One day, my host family was talking about a man, who had drunkenly stumbled into a store, who they apparently felt was acting very effeminate. Trying to understand what they were referring to, I asked for details, and my host mom responded with what roughly translates as “he was acting as though he played for the other team.”

Got it.

My host dad then said that they call such people “macho menos” which is a play on the phrase “más o menos,” or “more or less” in English.

This was the only time my host parents have ever referred to homosexuality, and from their remarks I gleaned that they believe for one to be gay, one must also be less of a man.

Every member of my host family is as kind as my favorite people back in the US, and it pains me to hear them express something so offensive to me without knowing the hurt they are causing.

Machismo is a deplorable part of Peruvian culture, something that is challenged constantly in the press, media, schools, and through social programs. Sadly, I suspect that the impact of machismo on attitudes toward homosexuality will be the last vestige of it to disappear since it is the one least addressed openly. I can deal with a five-year-old friend I’ve met in the community saying my boat shoes are for girls, but it’s a lot harder to absorb in silence more potent stabs at my sense of self.

Thankfully, machismo has not been forced on me as a standard of manliness in my day-to-day life here. I’ve been able to cook, help my host mom with the dishes, run in really brief running shorts, and dance in skinny jeans without any insults, aside from being called “flaquito,” or too skinny. If I were known as a gay man here, I’m betting folks would have much more to say on the subject of my machismo.

For all my preparations and the helpful feedback I got, no one could have fully and adequately prepared me for the community where I live. Volunteers are told of their placements only two to three weeks before we move to them permanently. But even with more time to investigate Peru, I couldn’t have anticipated how I would feel once I was living here.

Peace Corps staff have supported me through the early stages of my volunteer service. My silence about my sexual orientation has not always been a comfortable choice, and I’ll feel lucky if the occasional lie about not having a girlfriend anymore is the worst way I deny my identity. I can’t say for sure what the future holds, but with the support I’ve found among my fellow volunteers and the affection I feel for my host family, I feel reasonably well armed for my next year and a half as a reluctantly born-again closeted gay man.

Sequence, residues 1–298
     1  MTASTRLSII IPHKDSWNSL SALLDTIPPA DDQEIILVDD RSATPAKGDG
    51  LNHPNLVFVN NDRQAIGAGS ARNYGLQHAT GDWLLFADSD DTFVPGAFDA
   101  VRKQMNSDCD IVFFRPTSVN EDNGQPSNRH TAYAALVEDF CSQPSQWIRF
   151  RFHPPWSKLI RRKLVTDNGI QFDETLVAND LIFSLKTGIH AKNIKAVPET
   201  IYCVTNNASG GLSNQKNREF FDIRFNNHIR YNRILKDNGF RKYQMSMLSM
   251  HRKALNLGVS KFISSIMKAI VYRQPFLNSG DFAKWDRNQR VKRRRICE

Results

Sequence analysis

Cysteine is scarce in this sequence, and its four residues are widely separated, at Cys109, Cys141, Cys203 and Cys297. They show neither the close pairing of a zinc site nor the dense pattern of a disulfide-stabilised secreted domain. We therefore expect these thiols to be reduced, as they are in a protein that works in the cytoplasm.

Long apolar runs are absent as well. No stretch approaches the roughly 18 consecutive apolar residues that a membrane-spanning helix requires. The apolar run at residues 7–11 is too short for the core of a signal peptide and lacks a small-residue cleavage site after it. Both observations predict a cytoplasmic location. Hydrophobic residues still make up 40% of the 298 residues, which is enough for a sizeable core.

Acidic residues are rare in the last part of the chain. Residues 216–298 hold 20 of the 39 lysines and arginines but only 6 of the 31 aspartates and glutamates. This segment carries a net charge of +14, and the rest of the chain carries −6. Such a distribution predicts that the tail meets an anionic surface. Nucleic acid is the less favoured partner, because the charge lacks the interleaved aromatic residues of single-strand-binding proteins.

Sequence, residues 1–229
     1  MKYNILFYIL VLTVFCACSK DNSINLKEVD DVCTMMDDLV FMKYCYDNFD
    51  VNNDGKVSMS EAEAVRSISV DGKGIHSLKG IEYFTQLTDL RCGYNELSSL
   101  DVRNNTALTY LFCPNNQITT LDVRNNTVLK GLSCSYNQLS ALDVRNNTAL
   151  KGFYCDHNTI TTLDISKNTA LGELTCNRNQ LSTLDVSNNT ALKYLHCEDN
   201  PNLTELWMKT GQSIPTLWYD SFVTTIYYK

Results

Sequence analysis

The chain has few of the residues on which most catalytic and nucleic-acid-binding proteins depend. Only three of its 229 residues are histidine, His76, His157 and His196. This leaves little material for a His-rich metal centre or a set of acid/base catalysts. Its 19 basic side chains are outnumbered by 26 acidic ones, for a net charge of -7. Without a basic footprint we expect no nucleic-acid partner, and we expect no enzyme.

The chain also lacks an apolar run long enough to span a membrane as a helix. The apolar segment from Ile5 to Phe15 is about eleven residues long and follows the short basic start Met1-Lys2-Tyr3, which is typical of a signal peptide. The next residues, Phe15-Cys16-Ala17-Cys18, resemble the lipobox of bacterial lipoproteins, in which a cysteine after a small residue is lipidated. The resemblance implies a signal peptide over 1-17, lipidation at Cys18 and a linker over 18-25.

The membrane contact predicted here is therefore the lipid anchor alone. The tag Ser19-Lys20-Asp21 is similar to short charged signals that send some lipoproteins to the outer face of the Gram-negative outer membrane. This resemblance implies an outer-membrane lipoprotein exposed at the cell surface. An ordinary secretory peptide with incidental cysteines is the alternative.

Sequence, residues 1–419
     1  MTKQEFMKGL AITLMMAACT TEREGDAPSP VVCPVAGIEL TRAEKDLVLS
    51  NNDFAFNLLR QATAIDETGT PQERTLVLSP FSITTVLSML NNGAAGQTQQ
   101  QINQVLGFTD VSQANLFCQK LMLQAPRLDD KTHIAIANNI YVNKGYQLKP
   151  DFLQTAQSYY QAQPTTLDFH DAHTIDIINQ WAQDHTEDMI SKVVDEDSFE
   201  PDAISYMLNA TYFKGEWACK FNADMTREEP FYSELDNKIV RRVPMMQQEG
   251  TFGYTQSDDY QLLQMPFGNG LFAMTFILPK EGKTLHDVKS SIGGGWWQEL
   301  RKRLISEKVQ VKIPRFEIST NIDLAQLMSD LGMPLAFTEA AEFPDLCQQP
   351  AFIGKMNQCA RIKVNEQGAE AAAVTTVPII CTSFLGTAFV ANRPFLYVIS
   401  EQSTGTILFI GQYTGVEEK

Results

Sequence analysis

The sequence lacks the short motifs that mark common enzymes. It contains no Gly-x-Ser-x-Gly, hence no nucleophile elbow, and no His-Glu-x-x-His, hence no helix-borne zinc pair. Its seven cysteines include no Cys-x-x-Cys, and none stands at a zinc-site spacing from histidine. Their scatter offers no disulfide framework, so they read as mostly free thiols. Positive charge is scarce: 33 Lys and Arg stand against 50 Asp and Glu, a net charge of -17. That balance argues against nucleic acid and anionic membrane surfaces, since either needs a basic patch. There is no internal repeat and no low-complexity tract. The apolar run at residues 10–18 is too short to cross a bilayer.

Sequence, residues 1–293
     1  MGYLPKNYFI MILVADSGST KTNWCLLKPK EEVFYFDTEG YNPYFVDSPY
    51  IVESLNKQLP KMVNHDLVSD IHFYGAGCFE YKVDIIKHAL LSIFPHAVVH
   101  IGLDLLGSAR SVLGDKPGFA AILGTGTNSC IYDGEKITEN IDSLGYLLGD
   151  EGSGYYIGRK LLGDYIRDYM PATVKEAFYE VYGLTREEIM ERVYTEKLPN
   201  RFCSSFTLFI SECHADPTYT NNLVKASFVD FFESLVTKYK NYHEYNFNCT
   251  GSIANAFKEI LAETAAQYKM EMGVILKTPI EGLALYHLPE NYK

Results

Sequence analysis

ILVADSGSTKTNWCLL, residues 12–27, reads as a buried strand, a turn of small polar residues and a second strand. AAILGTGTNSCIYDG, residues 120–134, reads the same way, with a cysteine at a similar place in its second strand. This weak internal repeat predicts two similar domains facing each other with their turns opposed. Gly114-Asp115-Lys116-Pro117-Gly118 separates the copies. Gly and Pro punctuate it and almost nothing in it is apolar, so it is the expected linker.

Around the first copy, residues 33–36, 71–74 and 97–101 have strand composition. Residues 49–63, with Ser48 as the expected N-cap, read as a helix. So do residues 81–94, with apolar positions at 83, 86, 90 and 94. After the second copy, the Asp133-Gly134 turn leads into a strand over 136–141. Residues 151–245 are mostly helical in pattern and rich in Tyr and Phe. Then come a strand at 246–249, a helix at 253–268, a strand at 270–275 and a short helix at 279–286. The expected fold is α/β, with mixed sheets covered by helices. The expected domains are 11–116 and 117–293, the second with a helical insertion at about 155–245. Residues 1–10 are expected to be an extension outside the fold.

You can follow Tymon Manning’s experiences as a Peace Corps volunteer in Peru at timeinperu.tumblr.com.


What it’s like to serve as a queer Volunteer – in Nicaragua

– Charleen Johnson Stoever, Current PCV

 Editor’s Note: This story first appeared on Peace Corps Passport. It is reposted here with the authorization of the Peace Corps Passport staff. You can read more stories from current volunteers at http://passport.peacecorps.gov

volunteeringwhilequeer“I don’t want to go to Nicaragua,” I grumbled to my mom as I sat in the passenger’s seat, wrinkling my nose. She had just asked me if I was excited about my new Peace Corps assignment. I still wasn’t sure if I would actually go, but I said yes, for the moment. It was around New Year’s Eve 2013, the end of a taxing year for both of us. It could only go uphill from here, I reminded myself.

We were driving our rental car through the surprisingly chilly New Mexican desert, a place that reminded me of Central Washington (where I grew up) because of its barren, beige-colored earth and open spaces. One thing was strikingly different: the cold, vast, cloudless, bright blue sky.

“Why don’t you want to go?” asked my mom.